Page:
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The past is a page

Yong Suk Koh

Meet Yong Suk Koh, a student in the Master of Translation who is making the China of the past come alive today through words.

“Translation,” Yong Suk Koh says, “is not just about learning the language.”

“Translating from one language to another not only requires a thorough understanding of the two countries’ languages, but also requires extensive knowledge and understanding of their cultures and the context in which the original text was written.”

For Yong Suk, a native Japanese and English speaker, the culture in which she’s immersed herself for both a Bachelor and Master of Translation is ancient Chinese. 

“I have always been intrigued by the ancient Chinese culture, which encouraged me to study the language – both the language that is used in China today and the language that was used in ancient China.

“I am particularly interested in ancient Chinese poetry and literature, for example poetry written by Tang dynasty poets such as Li Bai and Du Fu and the Romance of the Three Kingdoms. This was why I particularly enjoyed the Classical Chinese courses I undertook during my undergraduate years, as I had the chance to read a variety of texts from ancient China.”

Yong Suk says it’s a focus on this “crucial” contextual and cultural understanding that makes translation studies at ANU particularly attractive.

“ANU provides various courses in which students can engage in in-depth cultural and/or political studies in relation to Asian countries as well as a variety of language courses and translation courses, which makes it an excellent environment for translation studies.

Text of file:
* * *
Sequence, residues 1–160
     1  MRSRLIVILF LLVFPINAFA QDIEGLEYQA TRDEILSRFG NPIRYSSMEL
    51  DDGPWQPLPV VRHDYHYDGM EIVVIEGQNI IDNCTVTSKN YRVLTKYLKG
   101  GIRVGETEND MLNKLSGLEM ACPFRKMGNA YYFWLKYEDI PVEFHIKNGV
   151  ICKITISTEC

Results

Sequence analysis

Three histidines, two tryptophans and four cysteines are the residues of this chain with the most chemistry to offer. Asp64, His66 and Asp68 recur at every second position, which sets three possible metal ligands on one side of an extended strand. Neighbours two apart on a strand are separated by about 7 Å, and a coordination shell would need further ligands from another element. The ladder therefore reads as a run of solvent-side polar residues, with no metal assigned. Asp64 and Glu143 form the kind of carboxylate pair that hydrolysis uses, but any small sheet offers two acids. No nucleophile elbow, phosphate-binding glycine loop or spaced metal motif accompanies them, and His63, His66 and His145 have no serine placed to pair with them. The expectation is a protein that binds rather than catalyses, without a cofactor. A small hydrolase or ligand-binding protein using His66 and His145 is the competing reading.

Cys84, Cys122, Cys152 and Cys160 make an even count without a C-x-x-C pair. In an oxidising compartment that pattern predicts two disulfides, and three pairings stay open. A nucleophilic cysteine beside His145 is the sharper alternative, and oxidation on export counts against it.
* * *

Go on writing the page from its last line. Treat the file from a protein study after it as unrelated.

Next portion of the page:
“I was also very happy with the standard of teaching and learning facilities here. The libraries, particularly the Menzies library, held almost all of the information that was required to complete my courses and much more. All of the lecturers and tutors were always approachable and helpful, and most importantly, passionate about the topics that they were teaching.”

Yong Suk hopes the rapid growth of China will increase the opportunities for her to use her Chinese-language skills professionally, but ultimately, her passion is not for the China of the future, but the China of the past.

“It would be great if somewhere down the line I can somehow help spread ancient Chinese culture to a wider audience, as people who aren’t academically interested in ancient China wouldn’t, I imagine, be familiar with its culture and literature. It may help to provide a new perspective on China.”


Updated:  24 April, 2017/Responsible Officer:  Dean, ANU College of Asia & the Pacific/Page Contact:  CAP Web Team